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Scammers Target Radiation Fears

Websites hawk drugs, devices that Americans don't need

But according to the FDA: "There is no public health event requiring anyone in the U.S. to take KI because of the ongoing situation in Japan."

In any case, KI only helps guard against radiation-caused thyroid cancer. It provides no protection against radioactive materials in other parts of the body. And KI comes with side effects, including intestinal upset, possibly severe allergic reactions and inflammation of the salivary glands, reports the Centers for Disease Control and Prevention.

Some state health agencies have already issued warnings, with more expected this week, against taking KI or prescription products such as Prussian Blue, which can help in grave radiation exposure cases.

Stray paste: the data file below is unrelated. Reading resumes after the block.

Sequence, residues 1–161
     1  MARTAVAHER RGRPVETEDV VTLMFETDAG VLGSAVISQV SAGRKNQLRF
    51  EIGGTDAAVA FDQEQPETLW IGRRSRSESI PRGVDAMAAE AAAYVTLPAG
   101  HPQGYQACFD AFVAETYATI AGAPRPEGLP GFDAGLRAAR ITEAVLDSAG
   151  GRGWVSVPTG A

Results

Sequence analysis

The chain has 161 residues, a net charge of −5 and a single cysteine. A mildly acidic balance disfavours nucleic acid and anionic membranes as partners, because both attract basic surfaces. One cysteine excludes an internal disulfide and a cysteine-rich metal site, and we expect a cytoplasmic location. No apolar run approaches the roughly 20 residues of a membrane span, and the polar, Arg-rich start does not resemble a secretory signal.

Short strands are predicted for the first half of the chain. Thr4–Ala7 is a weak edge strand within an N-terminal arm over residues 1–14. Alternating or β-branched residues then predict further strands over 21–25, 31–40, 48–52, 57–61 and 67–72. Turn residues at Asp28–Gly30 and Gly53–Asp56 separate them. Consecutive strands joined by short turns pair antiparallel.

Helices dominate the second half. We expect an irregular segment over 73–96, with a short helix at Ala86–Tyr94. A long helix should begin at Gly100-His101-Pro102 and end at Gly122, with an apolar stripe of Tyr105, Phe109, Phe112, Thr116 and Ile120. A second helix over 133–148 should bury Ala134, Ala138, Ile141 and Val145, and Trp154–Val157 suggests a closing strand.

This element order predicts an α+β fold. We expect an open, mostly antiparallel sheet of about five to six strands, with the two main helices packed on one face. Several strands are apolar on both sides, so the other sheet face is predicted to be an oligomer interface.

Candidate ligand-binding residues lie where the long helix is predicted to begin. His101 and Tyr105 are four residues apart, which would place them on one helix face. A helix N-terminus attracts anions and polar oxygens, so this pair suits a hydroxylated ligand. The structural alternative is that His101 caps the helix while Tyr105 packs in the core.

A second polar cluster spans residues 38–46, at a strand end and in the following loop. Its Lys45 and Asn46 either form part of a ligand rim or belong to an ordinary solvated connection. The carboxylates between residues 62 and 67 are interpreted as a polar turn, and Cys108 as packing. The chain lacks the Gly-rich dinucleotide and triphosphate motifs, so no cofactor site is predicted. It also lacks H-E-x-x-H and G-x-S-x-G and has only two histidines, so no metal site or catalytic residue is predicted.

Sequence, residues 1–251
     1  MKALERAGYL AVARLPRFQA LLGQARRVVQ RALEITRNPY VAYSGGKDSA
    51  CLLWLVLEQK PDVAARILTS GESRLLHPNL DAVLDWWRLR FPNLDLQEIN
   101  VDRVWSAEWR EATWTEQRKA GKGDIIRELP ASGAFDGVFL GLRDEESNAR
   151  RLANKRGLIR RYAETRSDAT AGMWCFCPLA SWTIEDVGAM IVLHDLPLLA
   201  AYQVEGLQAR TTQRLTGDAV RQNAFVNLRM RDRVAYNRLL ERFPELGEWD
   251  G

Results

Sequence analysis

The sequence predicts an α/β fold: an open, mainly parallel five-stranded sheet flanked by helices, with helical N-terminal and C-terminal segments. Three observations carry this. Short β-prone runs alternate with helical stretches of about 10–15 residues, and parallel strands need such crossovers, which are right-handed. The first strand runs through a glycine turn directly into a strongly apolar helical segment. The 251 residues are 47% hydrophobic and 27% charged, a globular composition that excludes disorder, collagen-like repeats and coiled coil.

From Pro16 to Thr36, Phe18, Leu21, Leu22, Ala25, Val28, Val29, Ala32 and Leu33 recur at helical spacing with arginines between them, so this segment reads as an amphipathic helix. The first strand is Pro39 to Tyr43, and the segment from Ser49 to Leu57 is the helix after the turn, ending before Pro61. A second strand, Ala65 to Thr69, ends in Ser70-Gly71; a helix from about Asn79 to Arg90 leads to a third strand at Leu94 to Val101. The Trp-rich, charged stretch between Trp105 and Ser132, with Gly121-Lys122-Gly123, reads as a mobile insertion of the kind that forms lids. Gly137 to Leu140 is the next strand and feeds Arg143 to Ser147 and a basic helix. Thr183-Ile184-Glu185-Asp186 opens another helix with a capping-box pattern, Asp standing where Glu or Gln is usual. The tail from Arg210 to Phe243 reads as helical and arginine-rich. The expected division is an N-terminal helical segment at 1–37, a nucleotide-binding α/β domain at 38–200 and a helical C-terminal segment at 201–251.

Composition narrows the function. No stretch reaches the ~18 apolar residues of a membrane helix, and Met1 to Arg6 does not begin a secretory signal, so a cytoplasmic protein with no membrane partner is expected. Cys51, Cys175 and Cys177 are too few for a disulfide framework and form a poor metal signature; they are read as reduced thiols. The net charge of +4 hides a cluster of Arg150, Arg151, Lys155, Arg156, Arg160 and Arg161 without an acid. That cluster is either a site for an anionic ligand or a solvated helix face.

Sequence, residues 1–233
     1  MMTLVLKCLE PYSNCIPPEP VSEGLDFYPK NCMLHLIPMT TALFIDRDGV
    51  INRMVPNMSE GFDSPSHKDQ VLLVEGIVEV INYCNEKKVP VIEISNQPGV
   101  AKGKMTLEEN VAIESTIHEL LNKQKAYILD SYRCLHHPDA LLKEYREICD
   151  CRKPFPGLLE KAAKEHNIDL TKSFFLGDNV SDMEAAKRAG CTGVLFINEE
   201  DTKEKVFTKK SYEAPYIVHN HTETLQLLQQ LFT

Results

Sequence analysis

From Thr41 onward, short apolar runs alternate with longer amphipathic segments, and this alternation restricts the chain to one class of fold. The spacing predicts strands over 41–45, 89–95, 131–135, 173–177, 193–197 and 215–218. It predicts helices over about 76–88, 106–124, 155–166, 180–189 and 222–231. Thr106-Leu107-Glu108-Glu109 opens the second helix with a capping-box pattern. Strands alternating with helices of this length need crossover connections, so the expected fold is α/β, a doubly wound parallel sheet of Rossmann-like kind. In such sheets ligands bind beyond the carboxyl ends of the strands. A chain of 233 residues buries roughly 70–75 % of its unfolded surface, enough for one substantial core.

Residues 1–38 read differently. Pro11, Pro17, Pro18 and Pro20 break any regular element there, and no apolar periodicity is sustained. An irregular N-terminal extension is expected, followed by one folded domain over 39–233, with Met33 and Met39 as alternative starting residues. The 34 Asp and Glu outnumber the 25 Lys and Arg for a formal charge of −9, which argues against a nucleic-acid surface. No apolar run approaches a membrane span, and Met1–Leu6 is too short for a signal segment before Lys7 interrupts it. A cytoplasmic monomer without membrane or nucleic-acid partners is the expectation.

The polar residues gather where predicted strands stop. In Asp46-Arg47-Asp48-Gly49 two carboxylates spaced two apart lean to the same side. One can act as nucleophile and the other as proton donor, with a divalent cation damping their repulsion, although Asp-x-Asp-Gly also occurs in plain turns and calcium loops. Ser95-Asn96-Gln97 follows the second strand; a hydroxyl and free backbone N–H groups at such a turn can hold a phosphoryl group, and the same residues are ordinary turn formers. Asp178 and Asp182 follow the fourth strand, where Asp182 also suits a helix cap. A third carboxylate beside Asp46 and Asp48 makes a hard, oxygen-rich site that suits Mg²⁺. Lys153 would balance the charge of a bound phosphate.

Protection detection

Other things to avoid, as Japan continues to grapple with its disaster:

  • Offers for other radiation protection products. Scammers might soon be trying to sell fraudulent protective suits, radiation "food monitors" or other grifting gizmos.

  • Emails from strangers that provide a link promising photographs or video from the disaster. This is a common ruse to infect your computer with viruses, some of which can give scammers remote access to your data.

  • Scam charities. Don't make a donation, whether by Internet, phone or door-to-door solicitation, until you authenticate the legitimacy of the organization. See this previous AARP Bulletin article on Japan scams.

Sid Kirchheimer writes about consumer and health issues.

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